- Reporters Desk
By Terelle Jerricks, Managing Editor
Workers at 11 oil refineries in Texas, Kentucky, California, Washington, Ohio and Indiana walked out of their jobs demanding safer staffing and better health benefits.
On Feb. 7, the oil workers organized a solidarity rally at the Tesoro refinery in Carson. Hundreds turned out in support. However, the biggest challenge for United Steelworkers union is explaining the work of the oil workers and the dangers that are involved when equipment or untrained, nonunion workers fail.
United Steelworkers local presidents, organizers and spokespersons have been launching rallies and speaking on the radio to explain the issues.
In a radio interview with NPR, USW President of Local 12-591 Steve Garry explained that the bargaining goals are focused on safety.
“If you know a little bit about the history of [National] Oil Bargaining, you would know that safety has been a primary focus for quite some time,” Garry said. “We’ve experienced far too many tragic accidents, serious injuries and fires.”
National Oil Bargaining is an industry-wide bargaining program that sets the standards for improvements in pay, key benefits, and health and safety standards across the oil industry.
Garry noted that bargaining goals are focused on safety and worker fatigue—fatigue that is a result of low staff levels.
The majority of workers are operations workers. They use the equipment, monitor the plants, open and shut valves, make adjustments and do troubleshooting. Other workers are maintenance workers who troubleshoot and repair the machinery, and test and monitor equipment.
“Inspection and maintenance planning, and procedure planning are things companies need to be responsible for,” Garry said. “Corporations don’t like to discuss those details. The fact is these changes are expensive, especially for corporations aiming to maximize their bottom line. These are some of the wealthiest corporations in the world.”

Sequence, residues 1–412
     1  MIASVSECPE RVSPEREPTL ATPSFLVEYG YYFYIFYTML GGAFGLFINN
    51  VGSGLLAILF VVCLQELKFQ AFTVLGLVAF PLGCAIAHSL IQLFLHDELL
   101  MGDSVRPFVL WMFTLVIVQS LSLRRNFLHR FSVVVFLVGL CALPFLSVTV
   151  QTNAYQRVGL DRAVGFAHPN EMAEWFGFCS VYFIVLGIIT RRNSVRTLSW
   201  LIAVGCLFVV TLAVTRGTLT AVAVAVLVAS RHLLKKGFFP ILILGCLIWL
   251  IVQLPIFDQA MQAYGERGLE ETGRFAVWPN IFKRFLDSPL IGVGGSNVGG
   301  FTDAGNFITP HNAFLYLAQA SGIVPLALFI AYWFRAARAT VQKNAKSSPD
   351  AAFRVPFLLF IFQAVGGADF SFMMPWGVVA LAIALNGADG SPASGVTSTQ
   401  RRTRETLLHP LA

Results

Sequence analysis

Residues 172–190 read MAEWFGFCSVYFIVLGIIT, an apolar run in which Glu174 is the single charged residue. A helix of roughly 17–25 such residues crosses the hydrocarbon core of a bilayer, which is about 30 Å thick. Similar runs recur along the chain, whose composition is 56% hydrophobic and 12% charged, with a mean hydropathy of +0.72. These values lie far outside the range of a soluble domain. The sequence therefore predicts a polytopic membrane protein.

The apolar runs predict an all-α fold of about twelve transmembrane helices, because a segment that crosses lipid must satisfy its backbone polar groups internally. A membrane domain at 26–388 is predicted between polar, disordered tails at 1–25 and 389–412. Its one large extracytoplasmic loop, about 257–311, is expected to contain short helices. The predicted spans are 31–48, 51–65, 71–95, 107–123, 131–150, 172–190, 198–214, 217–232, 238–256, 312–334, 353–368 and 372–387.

Garry noted that oil companies use contract workers to make up for the shortfall in staffing. The union noted that these workers aren’t as well-trained or well-versed in the safety protocols required to work in the refineries.
Garry also noted that fires and leaks are regular occurrences at many of the refineries, while explosions, though rare, are deadly when they occur.
One of the USW’s more urgent demands is to give workers the authority to stop working because of unsafe conditions. The California Nurses Association joined the picket line in solidarity with the union on Feb. 12.
In a statement, National Nurses United said it is “especially alarmed at the serious threat for workers and residents of local communities near the refineries posed by unsafe staffing levels, excessive worker overtime demands, and the reports of daily occurrences of fires, emissions, leaks and explosions that put tens of thousands of people in danger.”
“Nurses are on the front lines in the fight against asthma and these other chronic diseases that can be triggered by these toxic emissions at refineries,” said the association’s board member Katy Roemer, an Oakland registered nurse. “We think it’s important to picket in solidarity with the refinery workers not just to show our support for them, but also to expand the reach of our work as patient advocates.
“Protecting public safety as well as that of the workers is why it is so vital for workers to have a strong voice on the job through collective bargaining. Democracy shouldn’t end at the front door to your workplace.”
There have been several reports of injuries at the Martinez refinery, including two within a month in 2014. On Feb. 12, also in 2014, an alkylation unit involved in gasoline production was shut at the 166,000 barrel-per-day plant after it spewed sulfuric acid, injuring two workers. Three weeks later, the same unit spewed acid again, injuring two more workers.
The plant’s 400 striking workers—machinists, mechanics, maintenance workers, pipe fitters and refinery operators—are represented by the United Steelworkers Union.
National Nurses United also supports the USW fight against subcontracting of union jobs and other contract standards that are a part of this dispute.